• Houses require maintenance. Most people know this one. However, most people probably don’t seriously underestimate how MUCH maintenance a home requires. Not like us…oh no…we were not prepared for the shower that caved in because whoever installed it used expandable foam to hold it up. Or the time lightening struck our well pump. Or the time the giant tree in backyard broke in half and smashed one of our flower beds (not the house, thank goodness). It was one thing after the other.
  • Taxes SUCK. This we knew it was going to happen, but we were still surprised by how much of our monthly payment went to property tax.


With the mortgage and our other bills, we couldn’t get ahead financially. Even with two good salaries, we were living pay check to pay check, and we felt like we were drowning.  After a couple of years of house-poor living, we decided to call it quits and look for a way out. We started looking for job opportunities outside of our high cost of living area. My job offered me an opportunity to move to spot in Texas with a significantly lower cost of living, and I took it.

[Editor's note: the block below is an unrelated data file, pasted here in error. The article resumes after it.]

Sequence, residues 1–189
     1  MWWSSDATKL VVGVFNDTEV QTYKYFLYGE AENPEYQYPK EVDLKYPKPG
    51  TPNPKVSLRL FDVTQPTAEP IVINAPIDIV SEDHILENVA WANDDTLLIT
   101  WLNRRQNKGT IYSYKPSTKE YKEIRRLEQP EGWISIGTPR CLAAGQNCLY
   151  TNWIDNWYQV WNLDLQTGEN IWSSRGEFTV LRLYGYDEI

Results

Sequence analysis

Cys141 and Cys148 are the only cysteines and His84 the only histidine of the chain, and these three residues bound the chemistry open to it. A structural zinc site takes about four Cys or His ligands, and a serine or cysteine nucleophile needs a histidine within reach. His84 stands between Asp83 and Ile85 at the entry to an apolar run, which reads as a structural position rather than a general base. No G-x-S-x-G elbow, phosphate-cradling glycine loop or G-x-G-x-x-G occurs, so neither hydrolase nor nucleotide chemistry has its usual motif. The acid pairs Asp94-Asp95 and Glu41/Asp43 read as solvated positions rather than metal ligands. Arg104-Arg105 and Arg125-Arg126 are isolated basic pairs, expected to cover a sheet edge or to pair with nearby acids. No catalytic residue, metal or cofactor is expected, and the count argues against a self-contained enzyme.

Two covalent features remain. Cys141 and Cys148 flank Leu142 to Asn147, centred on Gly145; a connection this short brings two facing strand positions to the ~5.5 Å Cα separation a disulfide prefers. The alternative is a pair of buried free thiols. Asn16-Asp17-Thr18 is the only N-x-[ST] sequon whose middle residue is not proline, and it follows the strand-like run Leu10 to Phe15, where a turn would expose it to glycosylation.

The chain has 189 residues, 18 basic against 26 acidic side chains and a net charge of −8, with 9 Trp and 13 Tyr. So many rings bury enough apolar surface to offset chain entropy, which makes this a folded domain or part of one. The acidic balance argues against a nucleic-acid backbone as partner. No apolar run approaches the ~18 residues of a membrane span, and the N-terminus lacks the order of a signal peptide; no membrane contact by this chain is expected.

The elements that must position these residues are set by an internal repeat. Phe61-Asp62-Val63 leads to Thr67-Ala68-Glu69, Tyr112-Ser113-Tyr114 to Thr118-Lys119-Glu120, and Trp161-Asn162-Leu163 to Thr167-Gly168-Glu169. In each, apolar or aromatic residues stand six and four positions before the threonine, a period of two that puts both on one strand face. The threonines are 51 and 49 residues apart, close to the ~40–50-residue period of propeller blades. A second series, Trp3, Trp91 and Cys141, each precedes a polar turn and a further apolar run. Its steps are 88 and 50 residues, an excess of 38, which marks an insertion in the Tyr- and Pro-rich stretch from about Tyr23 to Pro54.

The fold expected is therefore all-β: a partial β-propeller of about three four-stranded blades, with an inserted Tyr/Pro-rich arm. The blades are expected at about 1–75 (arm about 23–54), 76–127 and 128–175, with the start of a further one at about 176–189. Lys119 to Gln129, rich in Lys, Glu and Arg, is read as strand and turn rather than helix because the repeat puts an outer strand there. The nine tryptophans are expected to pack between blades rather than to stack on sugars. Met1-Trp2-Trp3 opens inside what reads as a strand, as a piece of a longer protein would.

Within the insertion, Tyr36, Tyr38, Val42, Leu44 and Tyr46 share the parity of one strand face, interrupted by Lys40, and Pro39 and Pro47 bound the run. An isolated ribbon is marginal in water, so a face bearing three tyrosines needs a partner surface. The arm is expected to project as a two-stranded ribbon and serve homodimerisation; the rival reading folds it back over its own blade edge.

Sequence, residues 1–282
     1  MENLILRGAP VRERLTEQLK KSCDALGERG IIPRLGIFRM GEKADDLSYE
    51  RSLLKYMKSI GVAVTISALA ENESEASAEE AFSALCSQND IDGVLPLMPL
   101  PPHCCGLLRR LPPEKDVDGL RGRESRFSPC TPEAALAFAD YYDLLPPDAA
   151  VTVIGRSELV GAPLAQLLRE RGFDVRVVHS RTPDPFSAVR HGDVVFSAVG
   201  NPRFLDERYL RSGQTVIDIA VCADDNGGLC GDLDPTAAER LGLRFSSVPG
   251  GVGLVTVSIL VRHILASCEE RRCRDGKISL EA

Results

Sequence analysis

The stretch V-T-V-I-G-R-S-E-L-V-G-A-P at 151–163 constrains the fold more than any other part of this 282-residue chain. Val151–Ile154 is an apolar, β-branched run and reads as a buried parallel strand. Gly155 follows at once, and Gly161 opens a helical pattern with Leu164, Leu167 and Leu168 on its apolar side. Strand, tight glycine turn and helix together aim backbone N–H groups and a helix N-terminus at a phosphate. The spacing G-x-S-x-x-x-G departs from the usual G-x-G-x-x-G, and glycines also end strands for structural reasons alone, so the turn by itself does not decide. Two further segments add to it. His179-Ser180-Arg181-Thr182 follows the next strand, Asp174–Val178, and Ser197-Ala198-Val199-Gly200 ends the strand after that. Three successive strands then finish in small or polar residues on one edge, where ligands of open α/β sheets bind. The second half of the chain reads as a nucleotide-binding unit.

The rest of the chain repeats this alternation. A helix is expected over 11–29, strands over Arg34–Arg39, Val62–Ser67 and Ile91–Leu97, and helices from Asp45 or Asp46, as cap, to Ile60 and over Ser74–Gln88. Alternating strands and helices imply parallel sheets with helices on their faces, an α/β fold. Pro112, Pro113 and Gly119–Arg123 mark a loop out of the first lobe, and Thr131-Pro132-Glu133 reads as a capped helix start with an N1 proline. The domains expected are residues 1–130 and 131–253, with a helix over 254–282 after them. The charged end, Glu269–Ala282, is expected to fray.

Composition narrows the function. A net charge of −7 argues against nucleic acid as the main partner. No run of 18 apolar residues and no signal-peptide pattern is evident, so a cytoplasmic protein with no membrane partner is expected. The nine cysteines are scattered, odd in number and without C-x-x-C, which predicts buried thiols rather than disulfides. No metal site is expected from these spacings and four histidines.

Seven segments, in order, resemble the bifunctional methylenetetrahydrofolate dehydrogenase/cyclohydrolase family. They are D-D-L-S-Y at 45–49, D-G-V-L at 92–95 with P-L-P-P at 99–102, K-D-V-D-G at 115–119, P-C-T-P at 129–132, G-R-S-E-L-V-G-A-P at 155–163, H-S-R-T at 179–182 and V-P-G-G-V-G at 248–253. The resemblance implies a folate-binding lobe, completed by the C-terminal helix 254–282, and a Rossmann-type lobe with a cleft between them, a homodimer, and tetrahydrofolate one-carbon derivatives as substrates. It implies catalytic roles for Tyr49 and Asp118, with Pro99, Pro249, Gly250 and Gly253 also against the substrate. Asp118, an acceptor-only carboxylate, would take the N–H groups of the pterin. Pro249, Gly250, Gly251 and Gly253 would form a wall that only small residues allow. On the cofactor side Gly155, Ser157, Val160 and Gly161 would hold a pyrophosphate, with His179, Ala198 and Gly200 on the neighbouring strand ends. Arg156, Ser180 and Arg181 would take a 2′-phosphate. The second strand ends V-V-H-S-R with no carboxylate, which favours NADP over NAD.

Thus begins our journey to be debt free! Buying that house was probably the worst financial move we could have made, but it was good for us in the long run.  We needed to learn the hard way that what everyone else says is normal isn’t always best. If we hadn’t bought that house, we never would have looked for a way out. Never would have found blogs about living debt free. Never would have even thought that early retirement was a thing. These days, we are making positive changes towards reaching our financial goals. For the first time in a long time, the light at the end of the tunnel isn’t a train of financial hardship. Its just a way out.